Dogs have always been mankind’s loyal companions. They have served as guardians to livestock and homes ever since they were first domesticated. In fact, the Romans even had their own “Beware of Dog” signs known as Cave Canem mosaics.
Whether a dog is from Europe or Asia, the best guard dog breeds share the same characteristics. Some are large, some are medium-sized, but all have natural guarding instincts.
Many think the best dog breeds for guarding families are Rottweilers or Dobermans. But this isn’t always true. In this article we share what makes a good guard dog, how to pick one and the seven most protective dogs for families.
What Makes a Good Guard Dog?
Many guard dogs have guarding in their genetics. Their parents and grandparents were bred and used to guard, it is in their blood! Some dogs inherit these strong instincts to protect their loved ones. However, not all dogs suited for this role have a history of guard dogs.
Certain traits make a dog good at guarding.
To start with, the dog needs to be very loyal to their family. A dog who loves their family will have a strong desire to keep them safe.
These dogs also need to be alert and observant. They will often stare out the window for hours, watching for any sign of movement or danger. They should not be easily distracted and will notice any small sound that seems out of the ordinary.
They must also be intelligent, obedient and listen well to commands. If a dog is not trained properly for this role, they can accidentally cross the border between protective and aggressive.
A good guard dog will intimidate, but never attack.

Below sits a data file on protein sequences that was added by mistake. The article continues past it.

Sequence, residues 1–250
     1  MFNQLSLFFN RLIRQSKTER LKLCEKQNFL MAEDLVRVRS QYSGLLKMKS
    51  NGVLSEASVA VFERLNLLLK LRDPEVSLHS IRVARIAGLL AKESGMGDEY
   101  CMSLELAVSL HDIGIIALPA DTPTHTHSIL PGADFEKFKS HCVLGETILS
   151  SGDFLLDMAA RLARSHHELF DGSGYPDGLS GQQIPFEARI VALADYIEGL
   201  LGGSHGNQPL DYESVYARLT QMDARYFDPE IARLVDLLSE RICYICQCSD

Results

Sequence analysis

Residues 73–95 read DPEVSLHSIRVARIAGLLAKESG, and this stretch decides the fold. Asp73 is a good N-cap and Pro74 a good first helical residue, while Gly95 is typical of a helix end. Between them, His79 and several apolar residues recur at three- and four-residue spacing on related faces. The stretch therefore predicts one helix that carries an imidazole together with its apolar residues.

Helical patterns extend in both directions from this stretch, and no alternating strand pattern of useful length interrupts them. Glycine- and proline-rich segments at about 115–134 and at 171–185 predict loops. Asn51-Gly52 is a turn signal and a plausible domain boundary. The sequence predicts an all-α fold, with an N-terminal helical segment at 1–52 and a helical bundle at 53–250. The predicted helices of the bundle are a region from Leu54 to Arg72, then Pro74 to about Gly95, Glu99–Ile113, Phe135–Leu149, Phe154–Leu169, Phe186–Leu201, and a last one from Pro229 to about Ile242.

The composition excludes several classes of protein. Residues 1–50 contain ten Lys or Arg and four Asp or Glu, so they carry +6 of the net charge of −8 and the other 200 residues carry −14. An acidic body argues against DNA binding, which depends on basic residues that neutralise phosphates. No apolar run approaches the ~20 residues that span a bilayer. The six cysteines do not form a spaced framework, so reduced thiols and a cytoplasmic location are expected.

Finally, they have to look tough and strong. Many small dog breeds are alert and have a loud bark; however, they are not intimidating. They are highly unlikely to deter any type of threat.
Are Female Dogs Good Guard Dogs?
Female dogs are normally better at protecting their owners, while males are better at protecting their homes. Females have strong maternal instincts and will keep their loved ones safe at all costs. Males have territorial behaviors that cause them to guard their home fiercely.
Why you want a guard dog will determine which gender is a better choice.
Female dogs tend to have more control over their aggression. Males have a bit more spunk to them. This means they can get carried away with their role and become aggressive or too intimidating. Females normally know the boundary between protectiveness and aggression.
Broad statements can be made about genders, but this is not a guarantee of what type of behavior they will show. Every dog is an individual.
Top 7 Best Guard Dogs
Here are seven of the most protective guard dogs you can adopt to ensure your home’s safety.
|Breed||Size (pounds)||Purpose||Rank (#)|
|Akita||Up to 130 pounds||Powerful hunter of big game.||1|
|Belgian Malinois||80 pounds||Attentive livestock herders.||4|
|Bullmastiff||Up to 140 pounds||Protect game preserves from poachers.||2|
|Cane Corso||110 pounds||Hunting wild boar.||3|
|Catahoula Leopard Dog||95 pounds||Catching wild hogs and herding livestock.||7|
|Staffordshire Bull Terrier||30 pounds||Dogfighting.||6|
|Thai Ridgeback||75 pounds||Watchdogs and hunting dangerous snakes.||5|
The Akita was first bred in 17th century Japan. They were once exclusively owned by Japan’s imperial family. In fact, the breed is actually named after the Akita prefecture in northern Japan where they came from.
Akitas were bred to be a powerful hunter of big game.